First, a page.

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Menders or splitters?

Knowing when to mend differences or make doctrinal stands is no easy task

Have you ever helped split a church? I don’t mean on purpose. I mean joining with others in making your point so vigorously that your church falls apart.

And I’m not referring primarily here to sometime in the past when you disagreed with others over baptism, or the millennium, or who wrote the book of Hebrews.

I’m thinking more of the vigorous discussions we’ve had in recent months about masks, vaccines, and the presidency of Donald Trump. I don’t remember any time in my adult years when I’ve seen more local churches so threatened, fractured, and worried about their very future existence.

To be sure, church-splitting isn’t always a bad thing. The late Jerry Falwell once told me, “Since coming to Lynchburg, I’ve been blessed to help in the launch of maybe 27 new churches.” Then, after a brief pause, he added, “Not all of them intentional.”

There may be very good reasons why splits seem more prevalent in conservative churches.

These debates—or should we call them squabbles?—are by no means limited to smaller or midsize churches. Even some once-vigorous megachurches are reported at mid-2021 to be stumbling and staggering as they try to recover from the ravages of COVID-19.

Or take it a big step further and note how even entire denominations can find themselves in a mode of debate where many of the participants fear their once-unified body ripping apart. Headlines just a few weeks ago—even in The Wall Street Journal—raised the specter of major rifts in the Southern Baptist Convention (SBC) with painful splintering as a result.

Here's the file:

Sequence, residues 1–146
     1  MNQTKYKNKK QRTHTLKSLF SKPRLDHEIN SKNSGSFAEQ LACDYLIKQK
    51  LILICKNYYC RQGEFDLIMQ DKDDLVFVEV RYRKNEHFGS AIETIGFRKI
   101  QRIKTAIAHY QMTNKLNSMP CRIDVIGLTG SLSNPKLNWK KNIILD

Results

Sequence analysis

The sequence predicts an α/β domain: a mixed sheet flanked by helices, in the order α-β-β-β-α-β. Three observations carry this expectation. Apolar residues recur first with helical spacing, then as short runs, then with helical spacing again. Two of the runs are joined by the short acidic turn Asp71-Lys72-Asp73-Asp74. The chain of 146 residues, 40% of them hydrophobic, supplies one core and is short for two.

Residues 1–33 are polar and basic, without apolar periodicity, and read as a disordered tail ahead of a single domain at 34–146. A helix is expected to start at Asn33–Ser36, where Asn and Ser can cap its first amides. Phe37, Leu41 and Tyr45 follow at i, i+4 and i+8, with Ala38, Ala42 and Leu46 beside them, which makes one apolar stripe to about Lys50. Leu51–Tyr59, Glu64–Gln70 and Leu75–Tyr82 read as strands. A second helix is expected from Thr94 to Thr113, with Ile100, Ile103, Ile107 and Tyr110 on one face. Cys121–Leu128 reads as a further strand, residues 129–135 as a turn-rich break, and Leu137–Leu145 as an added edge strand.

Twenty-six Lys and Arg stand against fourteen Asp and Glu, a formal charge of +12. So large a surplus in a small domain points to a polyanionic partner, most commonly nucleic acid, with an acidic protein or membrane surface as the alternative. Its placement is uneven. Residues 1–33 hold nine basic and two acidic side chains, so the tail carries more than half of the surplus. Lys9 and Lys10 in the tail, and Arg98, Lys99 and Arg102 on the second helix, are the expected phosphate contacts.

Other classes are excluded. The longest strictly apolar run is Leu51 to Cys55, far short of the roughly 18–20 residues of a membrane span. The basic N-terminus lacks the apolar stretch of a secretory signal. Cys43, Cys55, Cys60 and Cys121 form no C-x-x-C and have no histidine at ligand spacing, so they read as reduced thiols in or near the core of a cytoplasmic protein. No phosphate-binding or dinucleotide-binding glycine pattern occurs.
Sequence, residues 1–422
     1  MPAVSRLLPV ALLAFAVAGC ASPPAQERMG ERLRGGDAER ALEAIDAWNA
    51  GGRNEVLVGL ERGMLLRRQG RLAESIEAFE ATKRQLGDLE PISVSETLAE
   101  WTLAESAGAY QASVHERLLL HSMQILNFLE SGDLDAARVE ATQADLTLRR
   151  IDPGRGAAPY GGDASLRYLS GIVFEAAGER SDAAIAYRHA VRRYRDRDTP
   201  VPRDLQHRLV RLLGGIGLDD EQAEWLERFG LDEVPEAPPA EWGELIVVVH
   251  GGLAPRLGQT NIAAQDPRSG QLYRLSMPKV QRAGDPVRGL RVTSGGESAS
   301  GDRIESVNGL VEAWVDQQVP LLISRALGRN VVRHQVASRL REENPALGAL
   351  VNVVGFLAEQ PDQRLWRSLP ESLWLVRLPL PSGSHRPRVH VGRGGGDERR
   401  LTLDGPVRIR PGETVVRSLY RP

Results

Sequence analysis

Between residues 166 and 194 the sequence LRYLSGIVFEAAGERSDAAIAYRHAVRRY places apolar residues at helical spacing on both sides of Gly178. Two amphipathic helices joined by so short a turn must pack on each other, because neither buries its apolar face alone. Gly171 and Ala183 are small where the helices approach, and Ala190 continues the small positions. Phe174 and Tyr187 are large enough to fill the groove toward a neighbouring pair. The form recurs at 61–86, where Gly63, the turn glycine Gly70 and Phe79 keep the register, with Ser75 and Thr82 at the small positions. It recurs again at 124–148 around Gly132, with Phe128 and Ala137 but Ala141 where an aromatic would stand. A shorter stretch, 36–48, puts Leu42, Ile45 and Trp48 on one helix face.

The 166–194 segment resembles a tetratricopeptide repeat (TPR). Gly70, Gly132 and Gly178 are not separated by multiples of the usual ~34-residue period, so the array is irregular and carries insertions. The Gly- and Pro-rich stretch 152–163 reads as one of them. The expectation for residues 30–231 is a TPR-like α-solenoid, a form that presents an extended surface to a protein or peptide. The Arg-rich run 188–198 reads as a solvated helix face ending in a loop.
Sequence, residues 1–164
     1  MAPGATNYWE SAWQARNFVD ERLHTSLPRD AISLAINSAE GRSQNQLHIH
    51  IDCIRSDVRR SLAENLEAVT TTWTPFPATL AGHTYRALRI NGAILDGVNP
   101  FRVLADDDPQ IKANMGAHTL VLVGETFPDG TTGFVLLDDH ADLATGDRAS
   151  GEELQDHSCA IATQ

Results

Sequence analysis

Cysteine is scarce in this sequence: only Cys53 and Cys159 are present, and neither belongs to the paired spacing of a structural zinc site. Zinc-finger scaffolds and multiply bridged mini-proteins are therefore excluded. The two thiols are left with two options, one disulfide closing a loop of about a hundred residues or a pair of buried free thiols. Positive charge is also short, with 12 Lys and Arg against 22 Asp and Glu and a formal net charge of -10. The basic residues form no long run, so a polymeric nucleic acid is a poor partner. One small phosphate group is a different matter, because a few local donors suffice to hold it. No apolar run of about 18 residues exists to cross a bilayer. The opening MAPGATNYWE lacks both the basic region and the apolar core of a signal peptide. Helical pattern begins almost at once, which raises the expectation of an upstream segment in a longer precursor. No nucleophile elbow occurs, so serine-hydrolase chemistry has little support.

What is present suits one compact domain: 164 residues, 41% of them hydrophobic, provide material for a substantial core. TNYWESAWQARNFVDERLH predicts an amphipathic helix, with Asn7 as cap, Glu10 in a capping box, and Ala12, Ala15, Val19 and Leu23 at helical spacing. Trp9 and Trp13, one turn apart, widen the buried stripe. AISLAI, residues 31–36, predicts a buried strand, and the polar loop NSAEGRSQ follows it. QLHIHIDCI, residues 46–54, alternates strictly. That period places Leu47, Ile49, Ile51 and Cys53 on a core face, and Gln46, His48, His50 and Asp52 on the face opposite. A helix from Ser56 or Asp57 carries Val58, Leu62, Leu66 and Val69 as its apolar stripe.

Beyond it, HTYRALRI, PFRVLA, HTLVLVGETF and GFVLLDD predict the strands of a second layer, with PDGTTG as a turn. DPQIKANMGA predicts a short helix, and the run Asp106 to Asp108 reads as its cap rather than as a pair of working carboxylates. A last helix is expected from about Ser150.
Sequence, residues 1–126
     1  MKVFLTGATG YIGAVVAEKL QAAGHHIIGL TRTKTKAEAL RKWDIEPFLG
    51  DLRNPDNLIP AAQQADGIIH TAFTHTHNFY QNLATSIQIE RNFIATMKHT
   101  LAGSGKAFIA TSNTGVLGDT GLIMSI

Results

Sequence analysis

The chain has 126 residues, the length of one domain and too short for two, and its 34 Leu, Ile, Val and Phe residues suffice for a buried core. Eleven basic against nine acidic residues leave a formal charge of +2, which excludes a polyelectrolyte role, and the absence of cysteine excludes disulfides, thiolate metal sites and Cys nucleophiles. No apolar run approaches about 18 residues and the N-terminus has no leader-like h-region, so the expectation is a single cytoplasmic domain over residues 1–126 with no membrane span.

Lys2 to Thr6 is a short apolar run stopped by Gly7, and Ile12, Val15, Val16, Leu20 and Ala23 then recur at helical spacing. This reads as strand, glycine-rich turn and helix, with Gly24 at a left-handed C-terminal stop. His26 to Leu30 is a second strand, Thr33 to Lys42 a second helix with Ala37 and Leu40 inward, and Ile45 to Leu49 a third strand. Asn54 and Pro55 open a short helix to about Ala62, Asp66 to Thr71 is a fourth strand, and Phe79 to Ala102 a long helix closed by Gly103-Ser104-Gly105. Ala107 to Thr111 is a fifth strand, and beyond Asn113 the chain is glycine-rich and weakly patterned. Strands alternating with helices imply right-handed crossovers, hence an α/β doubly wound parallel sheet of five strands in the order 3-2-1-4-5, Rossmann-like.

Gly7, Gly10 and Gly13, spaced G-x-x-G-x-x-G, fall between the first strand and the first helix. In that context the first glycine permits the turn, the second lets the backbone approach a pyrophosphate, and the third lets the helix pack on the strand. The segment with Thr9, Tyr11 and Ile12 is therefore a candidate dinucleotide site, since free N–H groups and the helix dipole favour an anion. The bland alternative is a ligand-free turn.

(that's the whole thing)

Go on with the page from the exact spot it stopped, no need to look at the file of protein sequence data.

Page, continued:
It appears now, with the avoidance of any telling split at their June Nashville meeting, that the immediate threat of major division in the SBC has passed.

But in the much smaller Presbyterian Church in America (PCA), many worried the denomination might be headed for fracture or division. Many saw an early July PCA assembly in St. Louis as offering some telling indicators of longer-term directions for the PCA. Meanwhile, the United Methodist Church is in the process of dividing between liberal and conservative factions that some observers say is too orderly to call a “split.”

To be sure, there may be very good reasons why splits and divisions seem more prevalent in conservative churches—whether we’re talking about smaller congregations or larger megachurches. Conservative churches, almost by definition, tend to be doctrinally fussier than their liberal or progressive counterparts. Liberals, almost by definition, tend to be a good bit more tolerant.

So as I near my 80th birthday later this summer, I find myself reflecting on where I’ve put my emphasis over a lifetime. Have I been more a church mender or a church splitter? It’s been common, every time I’ve taken vows of membership or leadership, to commit myself “to study the peace and the purity of Christ’s church.” When I’ve pursued purity, I’ve in effect put an emphasis on sound doctrine and teaching. When I’ve pursued peace, I’ve put an emphasis on what I have in common with other believers.

For the record, I think that in my lifetime I may have leaned a bit more toward the pure doctrine side and a bit less than I wish toward seeking peace with my fellow believers. But I’m thankful I serve an understanding and forgiving God and that others can make up for my lack and shortcomings.

Every Christian believer has to make those same choices, to a greater or lesser degree. You do that when you decide where to put your membership, where to continue your support, what kind of pastor you will call, what kind of missionaries and educators you will support, and dozens of other decisions along the way.

I hope WORLD readers will be known more and more as folks who are intentional as they do so.

Joel Belz

Joel is WORLD’s founder. He contributes regular commentary for WORLD Magazine and WORLD Radio. Joel has served as editor, publisher, and CEO over three decades at WORLD and is the author of Consider These Things. Joel resides with his wife, Carol, near Asheville, N.C.


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